PAUL ALLEN AGAINST MANUKAU COURIER

Case Number: 2236

Council Meeting: MARCH 2012

Verdict: Not Upheld

Publication: Manukau Courier

Ruling Categories: Errors, Apology and Correction Sought
Accuracy
Misleading

The Press Council has not upheld Paul Allen’s complaint against the Manukau Courier over a report on damage being caused to a park by mountain bikers on "illegal" tracks.

Background
In November 2011 a Parks Sport and Recreation report to the Manurewa Local Board recorded that loop tracks in Totara Park had been subject to vandalism. It also said informal mountain bike tracks had caused damage. The board would be working with members of the Auckland Mountain Bike Club to educate bikers, and gates had been reinstalled to stop bikes entering the loop tracks.
On November 18 the chief reporter of the Manukau and Papakura Couriers emailed questions to the Auckland Council based on the report, and asking about mountain bikers creating illegal tracks in the park.
The council emailed answers to the newspaper and on December 20 the Manukau Courier published a report based on them, saying illegal mountain bike tracks had caused significant damage to native bush areas in the park. It quoted Mike Bowater, the council's manager of local and sports parks. Additional comment from Manurewa Board member Cr Angela Dalton also featured.
Mr Allen then emailed a complaint to the newspaper about what he said were inaccuracies in the story and its suggestions that mountain bikers were causing damage. He added that $450,000-worth of purpose built mountain bike tracks had been built and maintained by the council over the last three years. Omission of that fact was "bizarre". "How could they forget this?"
He cc'd the letter to Cr Dalton, who replied to him that the "whole point" of the story had been to point out that purpose built tracks existed, that the council had spent money on them, and that it supported riders who used them legally and respected them. She was disappointed in the story that appeared.
She intended contacting the newspaper to seek a correcting story. (However, she did not do so, the editor later asserted to the Press Council.)
On January 12, after the Christmas break, the newspaper published Mr Allen's letter. However, it omitted a sentence in which he asked for a correcting article and some more explanation.
On January 12 Mr Allen emailed the editor again, upset about the way his letter had been edited and because the newspaper had not published a correcting report. Later he complained to the Press Council.

Manukau Courier response
Editor Judith Tucker accepted that Mr Allen's point of view was different from the story that initially appeared, but she did not accept that the story was wrong. She had edited his letter that appeared in the Manukau Courier as she did not accept its assertion that the story was wrong.
The reporter had sourced the story from an Auckland Council report to the Manurewa Local Board meeting, checked the background with Cr Dalton and asked questions of the Auckland Council. She provided those emailed questions and the council's answers to the Press Council.
She had not responded to Mr Allen's second email since he had had his say in the published letter to the editor. She considered his second email incorrect and had not wanted to engage in a "slanging match" over a story she believed to be totally correct.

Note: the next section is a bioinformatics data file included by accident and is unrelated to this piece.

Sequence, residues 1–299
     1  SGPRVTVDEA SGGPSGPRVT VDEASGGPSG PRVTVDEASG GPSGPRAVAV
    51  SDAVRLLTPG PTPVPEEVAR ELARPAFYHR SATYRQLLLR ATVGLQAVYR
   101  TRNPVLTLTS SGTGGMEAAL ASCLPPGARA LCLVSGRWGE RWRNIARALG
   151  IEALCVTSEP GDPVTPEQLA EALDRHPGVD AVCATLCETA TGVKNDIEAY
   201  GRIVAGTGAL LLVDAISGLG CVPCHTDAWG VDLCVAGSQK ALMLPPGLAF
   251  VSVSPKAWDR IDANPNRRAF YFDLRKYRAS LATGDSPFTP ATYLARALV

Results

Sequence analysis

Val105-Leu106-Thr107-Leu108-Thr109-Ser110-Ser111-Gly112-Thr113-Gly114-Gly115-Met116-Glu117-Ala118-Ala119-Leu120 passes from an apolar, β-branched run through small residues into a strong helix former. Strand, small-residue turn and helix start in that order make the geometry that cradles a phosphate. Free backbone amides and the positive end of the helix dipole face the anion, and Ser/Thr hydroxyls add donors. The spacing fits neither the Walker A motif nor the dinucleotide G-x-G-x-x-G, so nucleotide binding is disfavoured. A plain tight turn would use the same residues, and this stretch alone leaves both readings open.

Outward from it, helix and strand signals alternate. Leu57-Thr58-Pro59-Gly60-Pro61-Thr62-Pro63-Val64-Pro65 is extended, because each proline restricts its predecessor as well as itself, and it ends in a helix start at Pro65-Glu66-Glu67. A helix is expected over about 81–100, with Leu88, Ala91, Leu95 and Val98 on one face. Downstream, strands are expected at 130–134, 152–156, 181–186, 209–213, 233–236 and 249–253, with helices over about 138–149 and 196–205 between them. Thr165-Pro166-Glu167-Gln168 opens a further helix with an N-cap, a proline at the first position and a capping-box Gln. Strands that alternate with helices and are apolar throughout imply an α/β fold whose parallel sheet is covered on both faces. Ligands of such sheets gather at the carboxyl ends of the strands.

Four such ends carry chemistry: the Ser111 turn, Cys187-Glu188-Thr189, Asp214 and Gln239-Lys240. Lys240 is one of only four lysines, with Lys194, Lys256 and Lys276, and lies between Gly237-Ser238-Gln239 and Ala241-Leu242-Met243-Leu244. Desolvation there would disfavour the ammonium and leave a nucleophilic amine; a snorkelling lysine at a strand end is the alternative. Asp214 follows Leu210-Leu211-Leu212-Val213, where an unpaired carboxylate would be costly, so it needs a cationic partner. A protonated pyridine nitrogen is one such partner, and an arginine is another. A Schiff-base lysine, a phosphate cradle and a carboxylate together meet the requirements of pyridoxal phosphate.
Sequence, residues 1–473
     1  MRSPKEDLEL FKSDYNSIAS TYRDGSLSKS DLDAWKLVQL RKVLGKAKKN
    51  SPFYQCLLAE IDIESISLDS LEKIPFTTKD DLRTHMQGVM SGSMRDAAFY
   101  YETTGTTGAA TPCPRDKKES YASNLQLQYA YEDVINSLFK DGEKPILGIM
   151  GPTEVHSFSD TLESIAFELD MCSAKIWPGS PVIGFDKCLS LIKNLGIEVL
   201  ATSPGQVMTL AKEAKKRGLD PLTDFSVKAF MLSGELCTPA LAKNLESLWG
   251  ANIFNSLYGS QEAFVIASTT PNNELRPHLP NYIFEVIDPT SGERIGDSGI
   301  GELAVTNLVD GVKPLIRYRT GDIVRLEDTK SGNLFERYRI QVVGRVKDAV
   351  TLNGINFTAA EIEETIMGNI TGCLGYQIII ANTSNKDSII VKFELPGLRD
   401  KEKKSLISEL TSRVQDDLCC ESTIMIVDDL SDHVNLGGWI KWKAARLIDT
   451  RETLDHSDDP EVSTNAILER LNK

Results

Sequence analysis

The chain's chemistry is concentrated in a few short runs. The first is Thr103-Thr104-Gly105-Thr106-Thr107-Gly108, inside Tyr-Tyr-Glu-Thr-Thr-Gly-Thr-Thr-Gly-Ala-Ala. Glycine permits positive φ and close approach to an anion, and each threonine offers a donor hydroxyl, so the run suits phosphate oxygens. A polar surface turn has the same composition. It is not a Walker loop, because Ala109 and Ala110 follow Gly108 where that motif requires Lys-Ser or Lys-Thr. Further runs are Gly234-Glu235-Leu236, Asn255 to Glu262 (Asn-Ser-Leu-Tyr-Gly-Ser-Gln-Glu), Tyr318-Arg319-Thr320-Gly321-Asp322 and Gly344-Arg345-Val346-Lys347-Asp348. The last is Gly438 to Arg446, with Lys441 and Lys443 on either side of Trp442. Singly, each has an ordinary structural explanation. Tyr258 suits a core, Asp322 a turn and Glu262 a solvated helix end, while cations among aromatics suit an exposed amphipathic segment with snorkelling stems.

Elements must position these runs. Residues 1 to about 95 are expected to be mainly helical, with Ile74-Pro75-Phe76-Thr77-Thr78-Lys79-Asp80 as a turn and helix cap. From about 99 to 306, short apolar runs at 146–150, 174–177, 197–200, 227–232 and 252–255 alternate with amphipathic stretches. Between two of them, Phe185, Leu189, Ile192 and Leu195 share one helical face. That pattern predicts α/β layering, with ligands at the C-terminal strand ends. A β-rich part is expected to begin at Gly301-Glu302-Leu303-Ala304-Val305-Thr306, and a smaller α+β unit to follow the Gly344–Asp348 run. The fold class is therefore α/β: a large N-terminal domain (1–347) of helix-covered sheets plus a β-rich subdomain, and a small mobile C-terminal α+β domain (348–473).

She had not had an email from Cr Dalton, nor had her chief reporter.

Complainant's response
In reply, Mr Allen told the Press Council that all he wanted, in both letters he wrote to the editor, was a story to state that the park had purpose built mountain bike tracks paid for and built by the council, and which could be ridden lawfully. Claims that there were illegal tracks were wrong, as he had not seen them, still.
He wondered why the editor could not grasp the fact that a network of single tracks was available in Totara Park, constructed by the council for the use of mountain bikers, away from horses and walkers, where mountain bike riders had the right of way.

Discussion and Decision
Mr Allen takes issue with the thrust of the story, wishing instead it was about the $450,000 worth of purpose built mountain biking tracks, and the tree planting undertaken by a volunteer group. He notes that he has not seen any illegal tracks, and he says he does not want any future debate on public access for mountain-bikers driven by misinformation.
The Press Council finds no inaccuracy in the Manukau Courier article. All the information was sourced from reputable sources. The reporter was alerted to the “illegal tracks” by a report from Parks Sport and Recreation to the Manurewa Local Board. He developed the story by contacting, and quoting, both the local board representative and the Auckland Council.
Both Mr Allen and the Manukau Courier have valid points of view. They are not mutually exclusive. The published article was simply a small story about one aspect of the park management, possibly chosen because it was more newsworthy. It did not need to include material about the existing network of trails. Mr Allen’s point of view was expressed in the published letter.
The editor has told Mr Allen she is willing to do a follow-up story if and when the volunteer group starts working on extending the existing trails. This seems a positive outcome.
The complaint is not upheld.
Press Council members considering this complaint were Barry Paterson, Pip Bruce Ferguson, Kate Coughlan, Chris Darlow, Sandy Gill, Penny Harding, Keith Lees, Clive Lind, John Roughan, Lynn Scott and Stephen Stewart.